Will history repeat itself with legal challenges to Wisconsin recalls?
By Geoff Pallay
MADISON, Wisconsin: With a holiday weekend approaching, the Wisconsin Government Accountability Board is busy preparing for Tuesday’s much anticipated certification hearing for the final six recall campaigns.
Before this past Monday’s hearing that saw three recalls certified, GAB staff issued a 114 page memo. A similar memo for the May 31 meeting is expected to be published sometime before Thursday evening.
This memo will provide greater clarity toward the likely events that will unfold on May 31.
Candidate signatures required
The recall certifications on Monday triggered some necessary steps for opponents. In order to appear on the recall ballot opposite an incumbent, candidates must obtain a minimum of 400 certified signatures.
The candidates have until the 4th Tuesday before the recall to submit their signatures to the GAB. In this circumstance, that date was June 14, 2011. The opponents for three certified campaigns thus far are:
- Fred Clark (D) vs. incumbent Luther Olsen in District 14
- Jessica King (D) vs. incumbent Randy Hopper in District 18
- Jennifer Shilling (D) vs. incumbent Dan Kapanke in District 32
In at least two recalls, candidates have discussed the likelihood of debates in the coming weeks. Shelly Moore (D) challenged incumbent Sheila Harsdorf (R) to a series of debates. Harsdorf, through a campaign spokesman, welcomed the debates. Three debates are expected before July 12th.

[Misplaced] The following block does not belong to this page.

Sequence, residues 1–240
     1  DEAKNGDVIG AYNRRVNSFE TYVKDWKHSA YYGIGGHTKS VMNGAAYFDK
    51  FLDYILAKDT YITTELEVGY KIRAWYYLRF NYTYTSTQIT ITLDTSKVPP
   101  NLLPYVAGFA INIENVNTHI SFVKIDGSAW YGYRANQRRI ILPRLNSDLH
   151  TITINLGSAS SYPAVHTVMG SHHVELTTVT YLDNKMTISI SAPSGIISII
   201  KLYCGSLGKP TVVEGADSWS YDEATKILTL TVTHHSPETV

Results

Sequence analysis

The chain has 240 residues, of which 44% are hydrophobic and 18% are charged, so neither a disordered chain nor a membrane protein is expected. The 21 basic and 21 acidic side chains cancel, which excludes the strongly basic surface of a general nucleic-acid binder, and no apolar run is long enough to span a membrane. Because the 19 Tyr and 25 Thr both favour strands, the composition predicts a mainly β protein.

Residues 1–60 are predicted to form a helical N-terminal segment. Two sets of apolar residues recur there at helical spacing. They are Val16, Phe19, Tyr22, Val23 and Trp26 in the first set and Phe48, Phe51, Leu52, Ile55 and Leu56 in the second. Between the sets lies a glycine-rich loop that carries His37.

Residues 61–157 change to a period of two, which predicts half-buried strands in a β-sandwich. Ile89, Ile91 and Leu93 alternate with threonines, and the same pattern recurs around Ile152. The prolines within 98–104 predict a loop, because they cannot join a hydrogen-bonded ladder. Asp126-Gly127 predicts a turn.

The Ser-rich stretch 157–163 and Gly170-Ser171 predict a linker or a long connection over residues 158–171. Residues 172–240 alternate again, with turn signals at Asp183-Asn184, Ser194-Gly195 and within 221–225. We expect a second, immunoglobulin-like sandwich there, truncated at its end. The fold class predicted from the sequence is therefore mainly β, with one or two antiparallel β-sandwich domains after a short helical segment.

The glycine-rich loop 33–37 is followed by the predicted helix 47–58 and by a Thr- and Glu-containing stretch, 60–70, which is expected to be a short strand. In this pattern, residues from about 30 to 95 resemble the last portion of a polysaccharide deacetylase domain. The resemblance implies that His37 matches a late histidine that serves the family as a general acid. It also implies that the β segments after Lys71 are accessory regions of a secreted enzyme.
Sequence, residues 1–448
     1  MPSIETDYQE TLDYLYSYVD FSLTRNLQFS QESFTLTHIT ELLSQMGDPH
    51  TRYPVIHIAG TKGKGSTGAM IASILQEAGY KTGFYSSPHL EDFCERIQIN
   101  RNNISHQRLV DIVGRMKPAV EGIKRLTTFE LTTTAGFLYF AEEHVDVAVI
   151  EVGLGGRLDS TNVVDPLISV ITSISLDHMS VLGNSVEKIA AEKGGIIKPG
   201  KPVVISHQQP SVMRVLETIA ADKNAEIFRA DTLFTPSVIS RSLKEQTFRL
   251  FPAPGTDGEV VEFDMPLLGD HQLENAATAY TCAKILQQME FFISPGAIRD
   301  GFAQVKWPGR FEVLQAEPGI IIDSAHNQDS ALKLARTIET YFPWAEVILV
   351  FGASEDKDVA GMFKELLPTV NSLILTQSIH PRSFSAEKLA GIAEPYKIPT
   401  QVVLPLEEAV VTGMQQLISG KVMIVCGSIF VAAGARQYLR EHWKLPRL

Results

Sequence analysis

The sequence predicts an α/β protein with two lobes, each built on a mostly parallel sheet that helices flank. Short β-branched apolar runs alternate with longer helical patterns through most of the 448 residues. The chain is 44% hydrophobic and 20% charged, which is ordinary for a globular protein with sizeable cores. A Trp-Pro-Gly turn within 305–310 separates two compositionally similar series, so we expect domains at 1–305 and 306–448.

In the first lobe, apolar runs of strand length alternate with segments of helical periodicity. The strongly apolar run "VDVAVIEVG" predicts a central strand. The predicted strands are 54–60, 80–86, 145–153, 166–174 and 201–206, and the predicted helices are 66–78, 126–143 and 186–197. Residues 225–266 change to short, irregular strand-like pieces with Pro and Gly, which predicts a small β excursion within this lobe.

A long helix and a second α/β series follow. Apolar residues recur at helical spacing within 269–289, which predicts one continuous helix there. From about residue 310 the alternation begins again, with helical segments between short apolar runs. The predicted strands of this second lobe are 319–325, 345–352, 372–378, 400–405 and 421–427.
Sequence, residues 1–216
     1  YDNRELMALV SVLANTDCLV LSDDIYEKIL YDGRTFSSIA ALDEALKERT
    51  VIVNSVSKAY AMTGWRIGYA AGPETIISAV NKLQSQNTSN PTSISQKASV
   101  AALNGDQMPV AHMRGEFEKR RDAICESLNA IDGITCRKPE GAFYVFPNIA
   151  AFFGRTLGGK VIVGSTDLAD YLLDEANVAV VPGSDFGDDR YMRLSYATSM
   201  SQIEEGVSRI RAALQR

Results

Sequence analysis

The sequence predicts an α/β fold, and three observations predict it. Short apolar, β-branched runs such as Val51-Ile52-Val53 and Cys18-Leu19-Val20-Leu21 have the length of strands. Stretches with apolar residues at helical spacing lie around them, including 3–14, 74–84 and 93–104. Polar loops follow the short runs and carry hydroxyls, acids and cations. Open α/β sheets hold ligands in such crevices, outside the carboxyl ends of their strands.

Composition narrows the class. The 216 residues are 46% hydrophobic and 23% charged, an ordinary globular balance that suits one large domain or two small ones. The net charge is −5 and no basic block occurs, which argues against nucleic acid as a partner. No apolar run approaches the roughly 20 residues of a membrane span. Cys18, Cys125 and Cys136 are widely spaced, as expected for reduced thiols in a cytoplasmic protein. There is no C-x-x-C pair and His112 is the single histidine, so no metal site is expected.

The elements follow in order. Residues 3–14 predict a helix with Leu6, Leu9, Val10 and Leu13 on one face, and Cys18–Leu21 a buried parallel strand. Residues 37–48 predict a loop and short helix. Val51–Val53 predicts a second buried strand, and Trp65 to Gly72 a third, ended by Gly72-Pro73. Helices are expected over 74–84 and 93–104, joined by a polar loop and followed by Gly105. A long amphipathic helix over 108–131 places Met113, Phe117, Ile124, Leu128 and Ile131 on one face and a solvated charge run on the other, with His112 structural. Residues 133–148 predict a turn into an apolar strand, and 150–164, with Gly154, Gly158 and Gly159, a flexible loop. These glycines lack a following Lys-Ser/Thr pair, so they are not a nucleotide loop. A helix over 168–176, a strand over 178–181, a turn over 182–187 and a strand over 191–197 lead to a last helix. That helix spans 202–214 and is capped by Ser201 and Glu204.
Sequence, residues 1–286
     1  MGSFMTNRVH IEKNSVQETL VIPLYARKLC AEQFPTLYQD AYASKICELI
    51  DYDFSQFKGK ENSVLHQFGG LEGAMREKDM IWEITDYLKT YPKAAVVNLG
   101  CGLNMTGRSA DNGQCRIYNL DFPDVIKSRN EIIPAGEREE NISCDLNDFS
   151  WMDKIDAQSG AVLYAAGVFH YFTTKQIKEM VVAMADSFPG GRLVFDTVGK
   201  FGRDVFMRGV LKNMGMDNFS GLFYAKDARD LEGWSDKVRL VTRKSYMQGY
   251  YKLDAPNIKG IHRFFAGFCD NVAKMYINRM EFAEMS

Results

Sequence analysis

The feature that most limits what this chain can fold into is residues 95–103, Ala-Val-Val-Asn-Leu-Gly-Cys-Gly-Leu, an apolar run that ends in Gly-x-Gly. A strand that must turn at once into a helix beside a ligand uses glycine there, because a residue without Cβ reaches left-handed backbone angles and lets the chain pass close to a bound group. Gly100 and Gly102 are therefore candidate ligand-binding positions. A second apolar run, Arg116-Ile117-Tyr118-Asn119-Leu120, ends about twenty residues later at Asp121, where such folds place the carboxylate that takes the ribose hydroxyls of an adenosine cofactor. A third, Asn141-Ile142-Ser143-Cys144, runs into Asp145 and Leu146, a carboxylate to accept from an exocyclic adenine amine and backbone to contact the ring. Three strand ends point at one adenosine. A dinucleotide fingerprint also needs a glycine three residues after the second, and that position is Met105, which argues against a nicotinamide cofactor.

Additionally incumbent Luther Olsen (R) signaled a willingness to engage in at least three debates with his likely opponent, Assemblyman Fred Clark, (D). Clark reportedly initiated the idea with Olsen suggesting dates and topics -- including a possible forum hosted by Baraboo schools.
Legal action on the horizon?
Now that three Republican recalls have been set, one looming question remains over the possibility of legal action to try and delay the recall.
There is some precedent for this, from the last time a sitting Wisconsin State Senator was recalled. In 2003, Gary George (D) was recalled by voters and lost in the Democratic primary on October 21, 2003. However, prior to that date, George filed legal challenges that were heard in trial court, appeals court, and ultimately before the state Supreme Court -- before any recall vote could actually take place. The initial signatures for that campaign were filed in June 2003 -- meaning nearly four months elapsed between signature submission and the recall date.
After the GAB certification on Monday, both state political parties gave vague answers regarding the possibility of legal recourse. Mike Tate, chairman of the state Democratic Party, told the Milwaukee Journal Sentinel that he would not deny that Democrats might consider going to court to try to prevent recall elections against the incumbent Democrats. Meanwhile, Mark Jefferson, executive director of the state Republican Party, hinted that the Republican decision would hinder on whether the Democratic Party pursued legal recourse first.
Sounds like one big game of chicken. Question is -- who will blink first?